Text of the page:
“First and fore­most, we must sus­tain our sol­diers, fam­i­lies and Army civil­ians,” Casey said. “They are the heart and soul of this Army and must be sus­tained in a way that rec­og­nizes their qual­i­ty of service.” 

Sec­ond, the Army must con­tin­ue to pro­vide prop­er train­ing, equip­ment and oth­er resources required to defeat ene­mies that they face in Afghanistan, Iraq or any­where else, Casey said. 

Third, the Army needs to rest its sol­diers and repair or replace dam­aged or destroyed equip­ment after repeat­ed deploy­ments to dan­ger­ous and harsh envi­ron­ments, Casey said. 

“Fre­quent deploy­ments are tak­ing their toll on our sol­diers and their equip­ment,” Casey said. “In my mind, resources for reset are the dif­fer­ence between a hol­low force and a ver­sa­tile force for the future,” he added.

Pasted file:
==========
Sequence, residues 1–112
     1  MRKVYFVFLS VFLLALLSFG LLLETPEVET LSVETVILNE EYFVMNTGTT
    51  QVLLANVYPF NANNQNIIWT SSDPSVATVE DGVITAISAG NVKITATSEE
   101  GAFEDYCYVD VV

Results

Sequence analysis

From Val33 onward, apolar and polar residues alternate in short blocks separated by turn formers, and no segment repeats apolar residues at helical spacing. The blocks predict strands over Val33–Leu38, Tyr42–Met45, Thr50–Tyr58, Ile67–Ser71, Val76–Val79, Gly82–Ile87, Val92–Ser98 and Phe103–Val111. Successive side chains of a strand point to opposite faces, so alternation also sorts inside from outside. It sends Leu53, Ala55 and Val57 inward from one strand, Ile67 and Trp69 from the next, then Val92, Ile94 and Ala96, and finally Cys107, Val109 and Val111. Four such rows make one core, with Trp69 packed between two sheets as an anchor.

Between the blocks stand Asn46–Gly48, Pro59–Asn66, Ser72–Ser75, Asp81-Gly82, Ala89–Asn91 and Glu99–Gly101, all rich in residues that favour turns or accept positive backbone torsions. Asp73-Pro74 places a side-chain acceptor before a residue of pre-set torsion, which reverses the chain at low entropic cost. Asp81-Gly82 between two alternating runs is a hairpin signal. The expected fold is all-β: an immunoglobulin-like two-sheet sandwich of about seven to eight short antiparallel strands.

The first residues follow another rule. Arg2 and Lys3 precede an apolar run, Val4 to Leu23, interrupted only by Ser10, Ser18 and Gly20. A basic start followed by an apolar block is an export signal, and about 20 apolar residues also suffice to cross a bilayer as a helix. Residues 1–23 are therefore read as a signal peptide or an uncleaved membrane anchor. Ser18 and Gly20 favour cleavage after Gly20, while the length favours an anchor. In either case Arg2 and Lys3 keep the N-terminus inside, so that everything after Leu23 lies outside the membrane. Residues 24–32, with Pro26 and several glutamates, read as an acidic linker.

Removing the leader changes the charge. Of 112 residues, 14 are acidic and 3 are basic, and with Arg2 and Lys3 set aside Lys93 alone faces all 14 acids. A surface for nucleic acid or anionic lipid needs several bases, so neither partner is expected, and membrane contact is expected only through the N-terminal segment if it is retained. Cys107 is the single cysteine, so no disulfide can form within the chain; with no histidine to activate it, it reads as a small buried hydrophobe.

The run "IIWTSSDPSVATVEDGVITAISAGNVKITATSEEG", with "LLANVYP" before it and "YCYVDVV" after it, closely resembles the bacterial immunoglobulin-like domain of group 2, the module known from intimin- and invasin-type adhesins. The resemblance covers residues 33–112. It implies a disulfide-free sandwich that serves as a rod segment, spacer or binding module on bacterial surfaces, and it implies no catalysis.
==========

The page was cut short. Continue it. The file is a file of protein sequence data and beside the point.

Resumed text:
Final­ly, the Army must con­tin­ue to trans­form itself into an agile expe­di­tionary force to meet secu­ri­ty needs of the 21st cen­tu­ry, Casey said. 

“For us, trans­for­ma­tion is a holis­tic effort to adapt how we train, mod­ern­ize, devel­op lead­ers, sta­tion forces, and sup­port our sol­diers, fam­i­lies and civil­ians,” he said. 

U.S. Depart­ment of Defense
Office of the Assis­tant Sec­re­tary of Defense (Pub­lic Affairs)